Wide-Angled Metrics for Health

There’s something that happens when you spend enough time working in a field that fosters true wisdom. When you’ve had the chance to see the fruits of your labour and the cycles and patterns of your domain of practice, the best metrics emerge.

I didn’t appreciate the wisdom of experience enough when I was younger. I put far too much emphasis on knowledge — the facts, the evidence, and the synthesis of the two. In other words: “received” wisdom.

It’s one of life’s lessons that I share widely, and that is thinking I know and understand more than I do about life. Interestingly, the more I know and understand, the less I feel I know and understand. What’s come from this is an appreciation for how commonplace things are so poorly designed.

One example is how we measure the performance of our health systems. By health systems, I mean everything from health care and preventive medicine to public and community health. The more we look at their task, the stranger and larger the gap between what they measure and produce becomes.

New Metrics of Performance

Health systems are designed to keep people healthy. To do this, they perform functions presumably about repairing and restoration or prevention. To assess performance, these systems use a variety of metrics, and many of them are just fine. Wait times, time to recovery, prevalence and distribution of a condition are all appropriate metrics. Others are a little more nebulous and, while discussed, are rarely used as leading indicators for health system performance. Take Quality of Life; how often have you seen a health system use some measure of Quality of Life as a leading, prominent performance indicator?

Some of this is tied to how we define things. For example, our healthcare system might be more accurately called an illness treatment and injury repair system because most of what we do is treat injury and illness, not promote health. (Illness and injury treatment is essential and helps us return to health, it’s not usually health promoting which is something different).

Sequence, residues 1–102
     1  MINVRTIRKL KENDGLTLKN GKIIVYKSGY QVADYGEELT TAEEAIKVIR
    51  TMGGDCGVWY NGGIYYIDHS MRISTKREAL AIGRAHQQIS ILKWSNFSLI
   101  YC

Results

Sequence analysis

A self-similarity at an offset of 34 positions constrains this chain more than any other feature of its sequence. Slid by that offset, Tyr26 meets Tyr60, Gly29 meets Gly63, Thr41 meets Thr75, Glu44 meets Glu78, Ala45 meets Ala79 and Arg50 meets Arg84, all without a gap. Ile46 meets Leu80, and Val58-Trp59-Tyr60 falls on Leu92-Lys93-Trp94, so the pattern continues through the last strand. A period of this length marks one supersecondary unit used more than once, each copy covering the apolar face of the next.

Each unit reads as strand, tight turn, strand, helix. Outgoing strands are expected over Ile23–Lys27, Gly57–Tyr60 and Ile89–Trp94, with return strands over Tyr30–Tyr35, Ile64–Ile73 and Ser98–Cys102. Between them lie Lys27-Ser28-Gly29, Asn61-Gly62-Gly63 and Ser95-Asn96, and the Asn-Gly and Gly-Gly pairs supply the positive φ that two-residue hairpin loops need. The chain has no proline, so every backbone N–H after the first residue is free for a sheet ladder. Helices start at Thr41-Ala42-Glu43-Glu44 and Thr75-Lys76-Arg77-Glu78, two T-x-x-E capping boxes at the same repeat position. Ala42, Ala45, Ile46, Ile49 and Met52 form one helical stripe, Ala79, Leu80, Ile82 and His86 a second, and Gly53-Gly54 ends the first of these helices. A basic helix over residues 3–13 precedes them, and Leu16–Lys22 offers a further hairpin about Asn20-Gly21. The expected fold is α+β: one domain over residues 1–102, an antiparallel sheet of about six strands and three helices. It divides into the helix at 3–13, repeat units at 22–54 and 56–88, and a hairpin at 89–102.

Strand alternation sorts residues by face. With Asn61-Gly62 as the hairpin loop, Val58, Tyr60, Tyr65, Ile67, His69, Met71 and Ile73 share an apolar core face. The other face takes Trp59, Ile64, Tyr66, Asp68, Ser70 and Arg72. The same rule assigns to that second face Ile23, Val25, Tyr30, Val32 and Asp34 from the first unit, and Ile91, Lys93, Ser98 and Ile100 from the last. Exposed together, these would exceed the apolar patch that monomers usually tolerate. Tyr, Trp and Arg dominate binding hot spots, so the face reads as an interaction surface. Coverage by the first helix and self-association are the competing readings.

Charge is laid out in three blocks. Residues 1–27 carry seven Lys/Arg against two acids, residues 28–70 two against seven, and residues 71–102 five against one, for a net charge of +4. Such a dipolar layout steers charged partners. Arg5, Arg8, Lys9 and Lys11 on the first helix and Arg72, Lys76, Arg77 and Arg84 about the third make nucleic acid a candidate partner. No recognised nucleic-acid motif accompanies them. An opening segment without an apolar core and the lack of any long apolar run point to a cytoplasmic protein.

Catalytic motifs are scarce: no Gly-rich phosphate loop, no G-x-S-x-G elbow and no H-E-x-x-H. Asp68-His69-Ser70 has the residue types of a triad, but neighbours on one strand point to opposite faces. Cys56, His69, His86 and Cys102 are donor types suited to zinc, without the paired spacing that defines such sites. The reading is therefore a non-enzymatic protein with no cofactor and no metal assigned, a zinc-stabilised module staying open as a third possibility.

This disconnection between health promotion and health treatment is one of the reasons why many complementary or alternative care systems attract people as much as they do: because much of their perceived benefit is a sense of health. Built into most of these non-allopathic approaches to health treatment is a sense of care lacking at a systemic level in conventional healthcare systems.

What we measure determines much of what we manage in our organizations, so it matters whether our metrics include care experience, satisfaction, or quality of life. I want to go further and suggest we would benefit from a system that was as focused on widening our lives as much as lengthening them. Satisfaction is a start; what about joy?

Wide-angled living

I recently bought a bike. It is nothing like I’ve owned before: a used Dutch bike. If you’ve ever ridden a Dutch bike, you’ll know they are different than typical bicycles. Many have walk-through frames, and almost all have you sitting upright. These are city bikes that are designed mainly as a means of transportation and for urban living. They are usually made of steel frames (not lightweight aluminum or titanium), they have few speeds (1-3 are typical), and many (including mine) use a coaster system for brakes. These bikes are reminiscent of the first ones I had as a kid, only they are designed to be functional forms of transportation.

I love my new bike. Even though it’s quite different than what I’m used to, it immediately brought a smile to my face the first time I rode it. Every time I get on the seat and peddle it brings me a little joy. Joy is what gives my life width. I can live long in years, but am I living a wide life?